Are We Conferencing Like Wesleyans?

April 4th, 2012

When John Wesley gathered with his brother Charles and his colleagues in ministry in June of 1744, it’s hard to know if they had any idea that they were starting what would become an ongoing process of “conferencing” to discern God’s will for the people called Methodist. And, yet, here we are some 268 years later and we find ourselves facing another gathering of Methodist leaders to discern God’s desires for the United Methodist Church. In the lead up to the meeting, and throughout the gathering of the General Conference of 2012, there will be regular appeals to Wesley as the guide for Christian conferencing. And yet, the form and content of the 2012 conference would be foreign to the brothers Wesley, probably leading to a harsh word or two along the way.

At that first gathering at the Foundry, a plan for the meeting was laid out. In the minutes of their time together, the leaders of the Methodist movement articulated their focus of the conversation in three questions: 1) What to teach; 2) How to teach; and 3) What to do (or as they put it, “how to regulate our doctrine, discipline, and practice.”).  Some would argue that the same is true today, however when one looks at the petitions to the 2012 General Conference, one generally sees a greater focus on the third question rather than the first two, and one must wonder what Wesley would think about our fixation on structure and practice at the expense of serious conversation on our core values and beliefs.

During the past few months, beginning with the Call to Action report sponsored by the Council of Bishops, and continuing with the work of the Interim Operations Team, the lion’s share of conversation has focused on practices of ministry which some research suggests contributes to church vitality, and the restructuring of the general church to improve efficiency and hopefully lead to a greater focus on building vital congregations. Many words have been uttered, position papers written, and even videos produced that argue for one plan or the other, and seem to think that what we do is more important that what we teach (or more accurately, what we believe). And yet, as any church revitalization expert will assure you, practices arise from shared values and beliefs, and the inability to spend time talking about, and confirming those core values usually ends with a burnt out congregation which tried and failed because the stuff that the did wasn’t energized by a common set of beliefs which provided meaning and purpose to the practices. Talking about who we are and what we belief becomes a means of creating the “forward leaning state of engagement” talked about in the Call to Action report in their definition of church vitality. And we neglect these conversations at our peril.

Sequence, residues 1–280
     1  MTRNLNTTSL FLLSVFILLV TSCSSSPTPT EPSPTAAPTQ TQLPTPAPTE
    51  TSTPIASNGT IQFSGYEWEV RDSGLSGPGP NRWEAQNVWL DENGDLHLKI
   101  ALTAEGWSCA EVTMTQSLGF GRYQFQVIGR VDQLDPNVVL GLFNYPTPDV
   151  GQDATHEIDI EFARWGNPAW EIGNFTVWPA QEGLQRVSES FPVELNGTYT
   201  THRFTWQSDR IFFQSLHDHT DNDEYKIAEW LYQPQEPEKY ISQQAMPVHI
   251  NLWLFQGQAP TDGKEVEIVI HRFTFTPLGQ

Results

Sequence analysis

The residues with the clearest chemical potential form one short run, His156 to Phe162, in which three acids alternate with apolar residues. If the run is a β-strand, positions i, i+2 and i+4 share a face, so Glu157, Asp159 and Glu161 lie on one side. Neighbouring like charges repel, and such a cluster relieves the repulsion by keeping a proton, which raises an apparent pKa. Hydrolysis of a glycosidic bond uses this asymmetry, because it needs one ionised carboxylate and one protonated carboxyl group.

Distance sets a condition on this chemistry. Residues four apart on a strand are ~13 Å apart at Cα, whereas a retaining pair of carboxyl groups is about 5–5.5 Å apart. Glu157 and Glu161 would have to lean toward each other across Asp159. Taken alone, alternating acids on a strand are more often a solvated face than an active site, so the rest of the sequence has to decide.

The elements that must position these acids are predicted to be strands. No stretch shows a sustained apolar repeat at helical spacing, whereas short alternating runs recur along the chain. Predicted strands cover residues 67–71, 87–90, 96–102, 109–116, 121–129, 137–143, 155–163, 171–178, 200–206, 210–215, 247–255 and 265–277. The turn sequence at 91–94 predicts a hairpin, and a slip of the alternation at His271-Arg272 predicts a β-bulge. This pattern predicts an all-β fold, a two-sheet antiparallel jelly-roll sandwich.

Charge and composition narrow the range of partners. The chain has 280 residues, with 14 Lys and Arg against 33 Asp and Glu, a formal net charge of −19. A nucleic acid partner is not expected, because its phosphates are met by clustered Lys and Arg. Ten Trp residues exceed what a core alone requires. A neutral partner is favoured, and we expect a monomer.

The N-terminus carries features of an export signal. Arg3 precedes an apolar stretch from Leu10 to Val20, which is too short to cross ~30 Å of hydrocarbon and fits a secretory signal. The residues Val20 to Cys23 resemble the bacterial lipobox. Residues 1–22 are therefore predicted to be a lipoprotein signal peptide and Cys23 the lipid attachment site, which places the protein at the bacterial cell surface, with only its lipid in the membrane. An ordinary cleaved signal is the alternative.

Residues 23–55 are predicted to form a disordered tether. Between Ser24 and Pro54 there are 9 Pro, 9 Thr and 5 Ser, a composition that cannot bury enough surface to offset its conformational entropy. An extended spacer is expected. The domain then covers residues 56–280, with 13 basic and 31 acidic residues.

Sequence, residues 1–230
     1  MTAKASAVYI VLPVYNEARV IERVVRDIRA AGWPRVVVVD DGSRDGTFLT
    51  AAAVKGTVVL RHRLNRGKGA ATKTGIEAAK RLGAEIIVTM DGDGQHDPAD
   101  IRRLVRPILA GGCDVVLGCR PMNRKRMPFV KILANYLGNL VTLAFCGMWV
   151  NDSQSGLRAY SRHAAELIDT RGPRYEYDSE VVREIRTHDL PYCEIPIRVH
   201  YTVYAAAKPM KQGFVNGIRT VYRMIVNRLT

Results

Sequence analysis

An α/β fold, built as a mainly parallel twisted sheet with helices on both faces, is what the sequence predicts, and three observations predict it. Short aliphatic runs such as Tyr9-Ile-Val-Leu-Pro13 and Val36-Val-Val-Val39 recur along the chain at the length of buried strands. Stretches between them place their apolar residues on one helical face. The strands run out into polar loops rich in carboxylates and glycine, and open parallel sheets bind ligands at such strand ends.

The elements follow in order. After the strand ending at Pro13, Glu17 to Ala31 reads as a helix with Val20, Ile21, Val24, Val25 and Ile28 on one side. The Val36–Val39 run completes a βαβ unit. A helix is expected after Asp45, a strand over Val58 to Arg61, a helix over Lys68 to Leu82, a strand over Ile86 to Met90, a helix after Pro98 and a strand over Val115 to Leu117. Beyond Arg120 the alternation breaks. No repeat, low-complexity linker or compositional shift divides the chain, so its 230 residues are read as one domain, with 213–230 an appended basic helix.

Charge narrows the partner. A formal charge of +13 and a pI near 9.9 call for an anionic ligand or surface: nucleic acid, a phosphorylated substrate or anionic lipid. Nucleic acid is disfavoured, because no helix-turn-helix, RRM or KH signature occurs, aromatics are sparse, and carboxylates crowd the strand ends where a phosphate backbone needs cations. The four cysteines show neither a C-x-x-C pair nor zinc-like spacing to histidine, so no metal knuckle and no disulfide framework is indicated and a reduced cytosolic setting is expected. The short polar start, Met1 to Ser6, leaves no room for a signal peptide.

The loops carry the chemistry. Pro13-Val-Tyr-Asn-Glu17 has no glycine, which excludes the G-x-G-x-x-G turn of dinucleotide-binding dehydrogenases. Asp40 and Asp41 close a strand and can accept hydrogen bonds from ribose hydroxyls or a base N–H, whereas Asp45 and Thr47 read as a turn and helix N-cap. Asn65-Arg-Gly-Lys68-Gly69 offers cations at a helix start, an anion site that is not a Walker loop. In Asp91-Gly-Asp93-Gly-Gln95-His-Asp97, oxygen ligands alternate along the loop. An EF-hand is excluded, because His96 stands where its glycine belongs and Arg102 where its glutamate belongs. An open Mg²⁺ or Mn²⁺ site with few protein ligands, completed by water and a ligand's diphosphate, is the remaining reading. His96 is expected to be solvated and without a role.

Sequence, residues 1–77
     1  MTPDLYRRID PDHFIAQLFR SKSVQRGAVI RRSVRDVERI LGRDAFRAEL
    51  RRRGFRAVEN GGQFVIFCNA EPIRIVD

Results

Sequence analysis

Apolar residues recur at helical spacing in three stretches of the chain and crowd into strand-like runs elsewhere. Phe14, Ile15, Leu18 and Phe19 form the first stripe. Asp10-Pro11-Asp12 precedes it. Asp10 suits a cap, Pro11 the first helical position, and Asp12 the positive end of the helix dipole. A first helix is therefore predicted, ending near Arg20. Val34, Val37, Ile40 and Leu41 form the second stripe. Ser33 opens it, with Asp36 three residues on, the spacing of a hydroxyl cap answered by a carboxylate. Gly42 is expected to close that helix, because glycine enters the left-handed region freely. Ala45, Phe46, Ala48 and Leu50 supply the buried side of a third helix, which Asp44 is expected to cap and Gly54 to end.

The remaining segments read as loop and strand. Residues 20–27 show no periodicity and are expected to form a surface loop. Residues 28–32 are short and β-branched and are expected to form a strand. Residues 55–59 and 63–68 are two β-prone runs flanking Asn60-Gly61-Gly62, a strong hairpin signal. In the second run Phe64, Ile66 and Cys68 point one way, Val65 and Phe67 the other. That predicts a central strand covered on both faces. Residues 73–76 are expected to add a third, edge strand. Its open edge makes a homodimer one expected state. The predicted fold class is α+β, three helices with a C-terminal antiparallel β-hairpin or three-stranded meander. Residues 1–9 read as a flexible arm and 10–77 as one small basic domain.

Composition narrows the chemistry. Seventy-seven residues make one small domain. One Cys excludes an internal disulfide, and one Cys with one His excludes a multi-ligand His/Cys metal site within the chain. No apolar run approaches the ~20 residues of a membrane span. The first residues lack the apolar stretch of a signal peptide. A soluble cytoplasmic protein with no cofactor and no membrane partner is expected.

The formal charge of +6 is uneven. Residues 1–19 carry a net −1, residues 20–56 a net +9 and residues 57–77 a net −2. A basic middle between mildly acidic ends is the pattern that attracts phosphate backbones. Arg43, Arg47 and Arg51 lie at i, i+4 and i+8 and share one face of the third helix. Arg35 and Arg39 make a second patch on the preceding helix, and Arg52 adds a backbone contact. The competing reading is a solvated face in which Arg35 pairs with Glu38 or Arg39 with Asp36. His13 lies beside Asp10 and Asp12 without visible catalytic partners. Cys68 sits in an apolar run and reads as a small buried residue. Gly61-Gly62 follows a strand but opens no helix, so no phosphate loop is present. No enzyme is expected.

It’s interesting to look at the minutes of those early conversations of 1744, because they are so different in their focus than much of what we talk about today. The topics of interest represented the core of Christian belief – justification, repentance, faith, the fruits of the Spirit, sin, the relationship between faith and works, Christian perfection. For two days the leaders of our movement talked solely about the central tenets of the faith that brought them together. It was only after they were rooted in their understanding that they began to talk about points of discipline and common life.

What would it look like today if the first couple of days of General Conference were spent in conversation around the theology and spirituality of the United Methodist people? What would happen if we ignored all the trappings of being a worldwide institution and asked everyone to gather in small groups to talk about the condition of their souls, and what they understand are the core beliefs of United Methodists? Might we get closer to Wesley’s ideal of Christian conferencing (that is, the belief that God is revealed in the midst of gatherings of Christians talking about the stuff of God) if we were to take time to really think together about why God is calling the people called United Methodists to be present in the world, and what we believe that is connected to that sense of call?

Of course, it really isn’t practical to think that we could conference in that way in the modern world. Wesley’s 1744 gathering was limited to 6 people. In our current system, with some thousand representatives from all over the world, all representing different backgrounds, different contexts, different cultures, and even different ways of speaking, it seems impractical to think that we could spend time talking about the stuff of God rather than the stuff of the common institution we are a part of.

And yet, it’s those differences which make taking time to talk about what we believe so crucial – more important to our future than any structural change. Wesley could have never imagined the great rainbow of belief that our church current welcomes – a rainbow that leads to competing and conflicting visions as to where God is calling us. If we can’t figure out a means by which to sit down and truly conference about the important stuff – Christology, Soteriology, Eschatology, Ecclesiology – then we will continue to find ourselves deeply divided and spinning our wheels in the muck of practices for which there is no passion and meaning.

Wesley would likely look at us today and shake his head, for he understood that without first considering the first question, the other two don’t make a great deal of sense.  

 

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